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Solicitor convicted of wife's murder

A solicitor accused of stabbing his wife to death has been unanimously convicted of murder.

Richard Davies Jones, 34, killed wife Laura when she tried to leave their troubled marriage.

The former Army officer, who had cheated on her with another woman, looked impassive as he heard the verdict at Guildford Crown Court.

He was found on top of his wife in a pool of blood outside their home in Woodfield Lane, Lower Ashtead, Surrey on December 1 last year having been stabbed as well.

Today, as a victim impact statement was read four female jurors broke down.

Judge Christopher Critchlow halted the reading of the statement so all 12 jurors could leave the court.

The couple married in 2004 but their relationship was strained by Davies Jones's affair with a colleague and his social worker wife's history of self harm.

Police were called to their home several times to reports of domestic violence from both parties.

On the day of her death, Davies Jones telephoned the emergency services but cannot remember details between trying to leave the house after arguing and being found in a pool of blood in the snow.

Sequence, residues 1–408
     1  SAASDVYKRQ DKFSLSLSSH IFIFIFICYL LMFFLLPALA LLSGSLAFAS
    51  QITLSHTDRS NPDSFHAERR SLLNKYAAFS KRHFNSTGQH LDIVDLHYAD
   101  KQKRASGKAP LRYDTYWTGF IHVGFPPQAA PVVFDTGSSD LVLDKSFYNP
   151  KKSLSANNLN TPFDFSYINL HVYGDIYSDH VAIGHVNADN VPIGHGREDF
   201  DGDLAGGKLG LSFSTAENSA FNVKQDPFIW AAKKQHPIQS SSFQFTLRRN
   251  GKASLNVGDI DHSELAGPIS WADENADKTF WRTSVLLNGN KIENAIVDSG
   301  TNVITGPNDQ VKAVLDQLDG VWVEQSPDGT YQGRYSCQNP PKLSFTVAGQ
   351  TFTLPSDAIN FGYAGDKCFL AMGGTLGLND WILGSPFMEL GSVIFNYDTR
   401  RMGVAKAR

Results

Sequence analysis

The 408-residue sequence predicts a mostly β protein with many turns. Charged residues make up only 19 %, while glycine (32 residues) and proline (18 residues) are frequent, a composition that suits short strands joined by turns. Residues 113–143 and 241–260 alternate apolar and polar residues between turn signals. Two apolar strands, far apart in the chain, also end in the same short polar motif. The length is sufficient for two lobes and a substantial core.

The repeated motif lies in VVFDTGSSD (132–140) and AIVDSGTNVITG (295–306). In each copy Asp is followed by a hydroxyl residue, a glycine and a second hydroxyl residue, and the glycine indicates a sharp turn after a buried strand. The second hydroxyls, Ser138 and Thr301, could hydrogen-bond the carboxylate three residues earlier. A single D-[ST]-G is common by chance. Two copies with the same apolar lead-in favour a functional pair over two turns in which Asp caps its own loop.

He said his wife attacked him with a kitchen knife, plunging it into his neck, before repeatedly stabbing herself in the neck.

But the jury did not believe him and convicted after several hours' deliberation.

The victim's father, Michael Dakin, told the court through the impact statement: "Never again will I see her beautiful face, her smile and never again will I hear her laughter.

"I can never hold my daughter, she has been taken from me.

"The sunshine has gone and only my memories remain.

"Laura did not deserve to die. My daughter should not have been taken from me.

"I do not hate but I cannot forgive."

One of the victim's five children - who cannot be identified, wrote: "Because of what happened, I am scared that he will come and get me, the same as he did my mum."

Mrs Davies Jones's sister Rachel Grunnill said: "Laura was generous, thoughtful and filled every moment in my family's life.

"Without Laura there is a big hole, a quietness that stuns, like when I stare at my phone and will it to ring at my busiest times."

Her mother Celia Dakin said she was haunted by something her daughter said before her death.

"I cannot forget what she said a few days before when she left my house, 'I'm afraid he is going to kill me."'

Mrs Dakin paid tribute to her daughter and added: "Every time I try to sleep I get pictures in my head of the horror and pain that Laura must have endured.

"Her fear is a constant thought in my mind...I have spent nearly all of Laura's life by her side and it grieves me that I was unable to help her when she needed me most."